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Wegners Theory

Wegners Theory

  • Wegners theory supports Continental Drift:
  • FOSSILS- Similar ones are found in other continents in similar climates.
  • GLACIERS- Not able to move as they were on land.
  • Rocks
  • Continets fit like a jigsaw [PANGEA]
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Intensity and Magnitude

Mercall:

  • Intensity
  • Arbitrary scale based on observation of damage.
  • Uses roman numerals up to 12.

Richter:

  • Magnitude
  • Recorded by a Seismograph.
  • Value in whole numbers and decimal fractions.
  • Each whole number increase shows 10 times amplitude.
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Tsunami

What causes a Tsunami?

  • A Tsunami is a large body of water that is caused by a sudden motion on the ocean floor which could be caused by: an Earthquake, Volcanic Eruption or Landslide.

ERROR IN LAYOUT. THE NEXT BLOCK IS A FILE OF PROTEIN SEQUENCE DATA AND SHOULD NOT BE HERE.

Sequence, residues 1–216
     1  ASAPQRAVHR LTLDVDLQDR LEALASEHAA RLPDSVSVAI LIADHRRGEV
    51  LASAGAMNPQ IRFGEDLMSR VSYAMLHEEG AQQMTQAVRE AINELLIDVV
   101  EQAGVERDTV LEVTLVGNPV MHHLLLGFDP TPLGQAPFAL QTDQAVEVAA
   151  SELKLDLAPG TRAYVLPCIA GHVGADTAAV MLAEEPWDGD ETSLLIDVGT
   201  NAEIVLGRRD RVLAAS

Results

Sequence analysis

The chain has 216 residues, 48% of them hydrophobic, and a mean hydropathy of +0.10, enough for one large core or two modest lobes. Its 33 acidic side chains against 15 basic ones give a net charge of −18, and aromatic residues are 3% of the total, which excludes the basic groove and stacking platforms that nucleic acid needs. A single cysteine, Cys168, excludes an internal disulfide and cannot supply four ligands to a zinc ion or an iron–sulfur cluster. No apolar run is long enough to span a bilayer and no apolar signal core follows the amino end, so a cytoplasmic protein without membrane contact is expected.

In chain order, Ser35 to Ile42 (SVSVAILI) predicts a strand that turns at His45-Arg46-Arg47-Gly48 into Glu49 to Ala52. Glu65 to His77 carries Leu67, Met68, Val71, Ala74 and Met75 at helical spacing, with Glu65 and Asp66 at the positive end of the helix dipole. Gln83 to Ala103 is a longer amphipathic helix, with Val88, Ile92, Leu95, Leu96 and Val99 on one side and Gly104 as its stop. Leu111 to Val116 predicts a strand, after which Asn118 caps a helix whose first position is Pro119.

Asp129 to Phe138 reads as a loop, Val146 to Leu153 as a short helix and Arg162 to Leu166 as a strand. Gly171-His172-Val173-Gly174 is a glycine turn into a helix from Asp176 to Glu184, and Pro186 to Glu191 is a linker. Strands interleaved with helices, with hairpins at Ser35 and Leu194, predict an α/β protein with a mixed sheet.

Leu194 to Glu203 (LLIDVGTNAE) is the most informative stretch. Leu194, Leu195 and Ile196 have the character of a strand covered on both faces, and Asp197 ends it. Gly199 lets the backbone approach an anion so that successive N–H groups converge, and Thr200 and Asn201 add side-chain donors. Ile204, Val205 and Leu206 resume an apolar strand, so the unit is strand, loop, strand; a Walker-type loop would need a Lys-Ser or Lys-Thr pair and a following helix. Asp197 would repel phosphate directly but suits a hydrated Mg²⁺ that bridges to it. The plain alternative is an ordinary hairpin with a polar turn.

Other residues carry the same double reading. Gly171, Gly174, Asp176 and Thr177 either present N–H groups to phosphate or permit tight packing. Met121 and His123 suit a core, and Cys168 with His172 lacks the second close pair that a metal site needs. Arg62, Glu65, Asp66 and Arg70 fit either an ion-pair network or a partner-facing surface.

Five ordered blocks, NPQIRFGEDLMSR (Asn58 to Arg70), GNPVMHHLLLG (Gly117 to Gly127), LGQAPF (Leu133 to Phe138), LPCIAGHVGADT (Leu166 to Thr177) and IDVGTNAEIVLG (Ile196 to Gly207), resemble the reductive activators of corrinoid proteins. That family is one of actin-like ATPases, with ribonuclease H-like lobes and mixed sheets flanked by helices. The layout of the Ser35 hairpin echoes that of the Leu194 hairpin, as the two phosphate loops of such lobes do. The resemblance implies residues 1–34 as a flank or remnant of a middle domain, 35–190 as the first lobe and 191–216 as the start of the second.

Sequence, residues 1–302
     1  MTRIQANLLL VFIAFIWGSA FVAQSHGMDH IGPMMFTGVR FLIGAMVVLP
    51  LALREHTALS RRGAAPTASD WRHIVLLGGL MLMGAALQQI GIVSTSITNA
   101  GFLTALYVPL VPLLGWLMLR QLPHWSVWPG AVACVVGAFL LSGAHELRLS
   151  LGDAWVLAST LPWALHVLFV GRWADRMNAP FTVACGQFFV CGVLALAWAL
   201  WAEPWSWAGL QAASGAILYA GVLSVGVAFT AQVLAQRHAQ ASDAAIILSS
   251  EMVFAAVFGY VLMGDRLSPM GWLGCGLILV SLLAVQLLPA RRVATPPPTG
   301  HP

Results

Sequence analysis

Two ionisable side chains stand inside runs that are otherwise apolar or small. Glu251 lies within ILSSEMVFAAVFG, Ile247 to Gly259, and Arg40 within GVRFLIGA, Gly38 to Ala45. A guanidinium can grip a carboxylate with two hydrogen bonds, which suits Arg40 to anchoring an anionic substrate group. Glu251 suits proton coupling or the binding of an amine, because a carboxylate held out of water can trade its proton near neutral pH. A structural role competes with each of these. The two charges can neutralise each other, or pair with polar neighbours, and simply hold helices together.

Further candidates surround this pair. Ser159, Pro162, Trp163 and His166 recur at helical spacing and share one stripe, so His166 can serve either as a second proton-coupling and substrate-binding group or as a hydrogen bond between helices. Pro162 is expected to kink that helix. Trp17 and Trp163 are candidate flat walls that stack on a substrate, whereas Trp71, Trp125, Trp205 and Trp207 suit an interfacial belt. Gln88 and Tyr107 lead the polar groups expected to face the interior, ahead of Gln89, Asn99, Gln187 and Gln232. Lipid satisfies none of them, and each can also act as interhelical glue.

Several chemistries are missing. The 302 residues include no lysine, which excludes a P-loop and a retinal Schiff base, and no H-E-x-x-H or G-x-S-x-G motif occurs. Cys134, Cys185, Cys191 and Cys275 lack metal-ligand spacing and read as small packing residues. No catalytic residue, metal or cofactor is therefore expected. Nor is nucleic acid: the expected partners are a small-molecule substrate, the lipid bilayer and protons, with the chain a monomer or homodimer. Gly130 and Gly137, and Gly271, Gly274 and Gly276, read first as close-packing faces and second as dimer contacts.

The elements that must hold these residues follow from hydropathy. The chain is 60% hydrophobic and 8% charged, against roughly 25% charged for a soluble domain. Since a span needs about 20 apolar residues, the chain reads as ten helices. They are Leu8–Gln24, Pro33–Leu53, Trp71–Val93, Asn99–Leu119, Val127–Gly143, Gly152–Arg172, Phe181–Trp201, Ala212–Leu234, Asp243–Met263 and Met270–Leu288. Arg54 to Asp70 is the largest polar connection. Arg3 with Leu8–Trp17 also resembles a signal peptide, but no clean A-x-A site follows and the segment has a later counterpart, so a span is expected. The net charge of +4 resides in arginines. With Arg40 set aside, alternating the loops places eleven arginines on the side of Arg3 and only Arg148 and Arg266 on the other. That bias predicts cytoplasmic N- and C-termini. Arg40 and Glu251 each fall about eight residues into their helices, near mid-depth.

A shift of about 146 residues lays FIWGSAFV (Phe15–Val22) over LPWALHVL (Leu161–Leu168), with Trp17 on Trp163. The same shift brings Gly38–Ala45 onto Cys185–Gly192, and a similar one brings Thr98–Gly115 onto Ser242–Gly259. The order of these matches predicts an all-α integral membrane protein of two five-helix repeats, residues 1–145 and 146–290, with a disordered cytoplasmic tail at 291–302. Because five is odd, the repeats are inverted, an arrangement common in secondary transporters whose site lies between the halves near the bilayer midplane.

• Their Height can increase by several metres.
  • Waves slow down in shallow water and get cloer together.

What determines the impact of a tsunami?

  • Duration of event
  • Wave amplitude
  • Physical Geography of the coast, water depth and gradient.
  • Degree of coastal ecosystem buffer.
  • Timing of the event e.g. day or night.
  • Degree of coastal development 
  • Proximity from the coast,
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Japan Tsunami 2011 CASE STUDY

Japan 2011

  • 9.0 Magnitude earthquake.
  • 100 foot Tsunami.

IMPACTS:

  • 28,000 people dead and 465,000 people 'displaced'
  • Destroyed 120,000 buildings.
  • Fukushima power station damaged and the radiation contaminated the Pacific Ocean.
  • Nissan’ full year profits dropped 15% as result of shortages and production disruptions emanating from the disaster.
  • Global supply chain jobs were lost and communities were adversely affected.
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Japan Tsunami 2011 CASE STUDY

Japan Tsunami 2011

RESPONSE:

  • Operation USA began immediately working to address needs for material aid.
  • Staged disaster supplies were prepped and dispatched from OpUSA’s Port of Los Angeles warehouse—distributed through on the ground partner agencies in Japan.
  • first shipment of a $1.1 million donation of Gap brand winter clothing was distributed to tens of thousands of recipients in Miyagi, Fukushima and Iwate.